Nailing down the feast
You’ve already sketched out what you’re eating for Christmas (classic turkey, prawn fest, fusion buffet?) and now it’s time to nail it down. Start with Christmas breakfast, trundle right through to Christmas supper (if anyone in your crew can pace themselves that well) and list every dish and every drink. And if you find gaps or clashes, settle in and sort them out.
If you’re depending on others who are less organised than you, they may not yet know what they’re providing, so get them to commit to a category (cold dessert, meat platter, salad or whatever) and let them know the constraints (Bernie is doing coleslaw and Sally is making sticky date pudding) to head them in the right direction. Then add the other feasts you’ll be catering for, even if it’s just shortbread for a morning tea at work and icy poles for after-school care.
If there are any tight spots, like too much to cook on Christmas Eve or you’ve scheduled the gingerbread house for the night you’ll be at the bridge club knees-up, reschedule, delegate or simplify. Cook-ahead dishes can help (provided they’re delicious, like trifle and chocolate ripple cake, rather than dubious, like Auntie Margie’s jellied salad).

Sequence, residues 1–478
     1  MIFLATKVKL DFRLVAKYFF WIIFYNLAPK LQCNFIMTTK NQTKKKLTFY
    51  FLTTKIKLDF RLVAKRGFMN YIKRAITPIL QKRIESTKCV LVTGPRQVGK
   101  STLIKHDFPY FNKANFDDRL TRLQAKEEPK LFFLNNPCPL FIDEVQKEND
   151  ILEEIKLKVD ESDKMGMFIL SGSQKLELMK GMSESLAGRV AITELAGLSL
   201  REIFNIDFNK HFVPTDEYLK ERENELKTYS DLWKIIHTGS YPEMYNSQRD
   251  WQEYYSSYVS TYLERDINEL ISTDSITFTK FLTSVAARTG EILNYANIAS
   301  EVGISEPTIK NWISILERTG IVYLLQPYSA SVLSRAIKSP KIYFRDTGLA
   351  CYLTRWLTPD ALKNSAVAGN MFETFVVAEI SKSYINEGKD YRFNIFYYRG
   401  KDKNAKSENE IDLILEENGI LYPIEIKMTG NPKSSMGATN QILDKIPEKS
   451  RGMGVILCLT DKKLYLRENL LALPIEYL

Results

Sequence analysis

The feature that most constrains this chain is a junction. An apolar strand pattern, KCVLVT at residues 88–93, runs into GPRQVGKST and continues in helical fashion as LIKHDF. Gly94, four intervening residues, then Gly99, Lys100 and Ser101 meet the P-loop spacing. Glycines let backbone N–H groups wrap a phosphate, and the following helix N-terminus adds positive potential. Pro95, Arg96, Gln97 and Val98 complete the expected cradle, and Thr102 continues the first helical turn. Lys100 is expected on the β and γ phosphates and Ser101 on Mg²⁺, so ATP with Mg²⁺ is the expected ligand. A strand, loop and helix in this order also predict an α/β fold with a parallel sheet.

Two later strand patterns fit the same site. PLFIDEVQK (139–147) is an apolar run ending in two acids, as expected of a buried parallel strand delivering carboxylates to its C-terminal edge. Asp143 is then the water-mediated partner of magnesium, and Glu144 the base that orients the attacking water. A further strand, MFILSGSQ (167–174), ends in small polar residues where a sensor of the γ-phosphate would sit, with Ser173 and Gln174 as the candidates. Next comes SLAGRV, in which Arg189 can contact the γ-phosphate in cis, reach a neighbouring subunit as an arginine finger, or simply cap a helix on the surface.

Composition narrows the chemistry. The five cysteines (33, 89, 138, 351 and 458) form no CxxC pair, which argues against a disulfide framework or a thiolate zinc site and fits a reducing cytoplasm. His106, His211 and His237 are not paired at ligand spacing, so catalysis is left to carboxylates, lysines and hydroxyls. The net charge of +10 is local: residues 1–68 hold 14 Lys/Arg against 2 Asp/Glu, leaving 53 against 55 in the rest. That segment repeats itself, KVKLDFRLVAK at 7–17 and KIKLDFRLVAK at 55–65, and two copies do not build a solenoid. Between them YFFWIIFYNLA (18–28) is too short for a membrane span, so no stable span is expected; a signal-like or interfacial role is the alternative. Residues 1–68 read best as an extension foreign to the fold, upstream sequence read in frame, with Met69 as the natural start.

Consider ordering your Christmas meat now: you can wait till December if you’re not certain of numbers but if, like me, you have it all bolted down, you might as well lock it in with your butcher.
Christmas Day 1970: There was a debate about who should do the tea dishes: Caroline and Wendy were clearly on the hook but every other kid had already done double duty that day and two lackeys wasn’t enough. Then Uncle Jim pointed out that neither Uncle Geoff nor Uncle Bill had been involved in the dinner dishes and that solved the problem to the children’s satisfaction – but not to Geoff’s or Bill’s!
 When my nephew Jack stops being an ever-growing teenager and becomes a settled adult, I’m going to miss the way he eats like a hippo: I like being able to put down a plate of cranberry chocolate clusters and know that someone is going to say, “Yum!” when everyone else is groaning and saying, “More food?”.
 If they haven’t been reading my blog!
 My father said that the right direction for Auntie Margie to head was towards the food hall but I know he liked her salami casserole and her whisky blancmange so that was a bit harsh.